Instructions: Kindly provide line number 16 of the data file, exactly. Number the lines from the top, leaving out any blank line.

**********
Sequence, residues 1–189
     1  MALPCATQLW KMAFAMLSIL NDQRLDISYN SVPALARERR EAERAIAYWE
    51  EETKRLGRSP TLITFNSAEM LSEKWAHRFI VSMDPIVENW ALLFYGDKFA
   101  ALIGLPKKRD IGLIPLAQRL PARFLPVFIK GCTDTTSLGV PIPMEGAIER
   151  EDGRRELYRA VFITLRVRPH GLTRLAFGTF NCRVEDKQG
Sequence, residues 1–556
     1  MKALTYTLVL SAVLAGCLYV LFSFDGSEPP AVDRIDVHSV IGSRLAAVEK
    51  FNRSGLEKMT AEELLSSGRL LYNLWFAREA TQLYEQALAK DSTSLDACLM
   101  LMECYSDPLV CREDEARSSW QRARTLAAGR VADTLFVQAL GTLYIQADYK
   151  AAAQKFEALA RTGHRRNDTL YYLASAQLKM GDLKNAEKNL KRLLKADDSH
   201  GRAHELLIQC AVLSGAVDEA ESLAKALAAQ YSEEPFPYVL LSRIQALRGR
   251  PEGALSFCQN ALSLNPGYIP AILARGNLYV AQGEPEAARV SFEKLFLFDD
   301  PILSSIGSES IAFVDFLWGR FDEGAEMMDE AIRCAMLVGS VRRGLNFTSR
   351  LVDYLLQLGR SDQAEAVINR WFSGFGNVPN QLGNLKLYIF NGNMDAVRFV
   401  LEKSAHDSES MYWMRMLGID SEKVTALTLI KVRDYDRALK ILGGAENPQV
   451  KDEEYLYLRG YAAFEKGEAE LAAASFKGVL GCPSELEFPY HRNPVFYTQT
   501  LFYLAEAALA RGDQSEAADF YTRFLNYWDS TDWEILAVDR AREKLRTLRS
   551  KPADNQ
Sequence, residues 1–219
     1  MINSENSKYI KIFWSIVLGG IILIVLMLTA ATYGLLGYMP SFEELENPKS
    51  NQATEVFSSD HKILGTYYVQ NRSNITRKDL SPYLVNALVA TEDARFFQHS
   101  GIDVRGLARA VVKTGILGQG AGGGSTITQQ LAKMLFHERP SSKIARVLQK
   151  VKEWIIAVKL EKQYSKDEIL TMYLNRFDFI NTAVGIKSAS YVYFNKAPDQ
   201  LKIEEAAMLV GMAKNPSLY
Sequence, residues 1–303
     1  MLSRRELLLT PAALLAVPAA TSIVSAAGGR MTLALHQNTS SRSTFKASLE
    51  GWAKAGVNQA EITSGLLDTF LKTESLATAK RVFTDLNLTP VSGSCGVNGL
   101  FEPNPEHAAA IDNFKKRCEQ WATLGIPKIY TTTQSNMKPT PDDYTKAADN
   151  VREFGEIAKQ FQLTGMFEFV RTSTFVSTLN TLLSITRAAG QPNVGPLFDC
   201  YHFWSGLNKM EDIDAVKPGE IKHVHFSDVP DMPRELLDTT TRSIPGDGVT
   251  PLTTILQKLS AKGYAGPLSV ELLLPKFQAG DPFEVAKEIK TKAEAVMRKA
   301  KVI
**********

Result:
   451  KDEEYLYLRG YAAFEKGEAE LAAASFKGVL GCPSELEFPY HRNPVFYTQT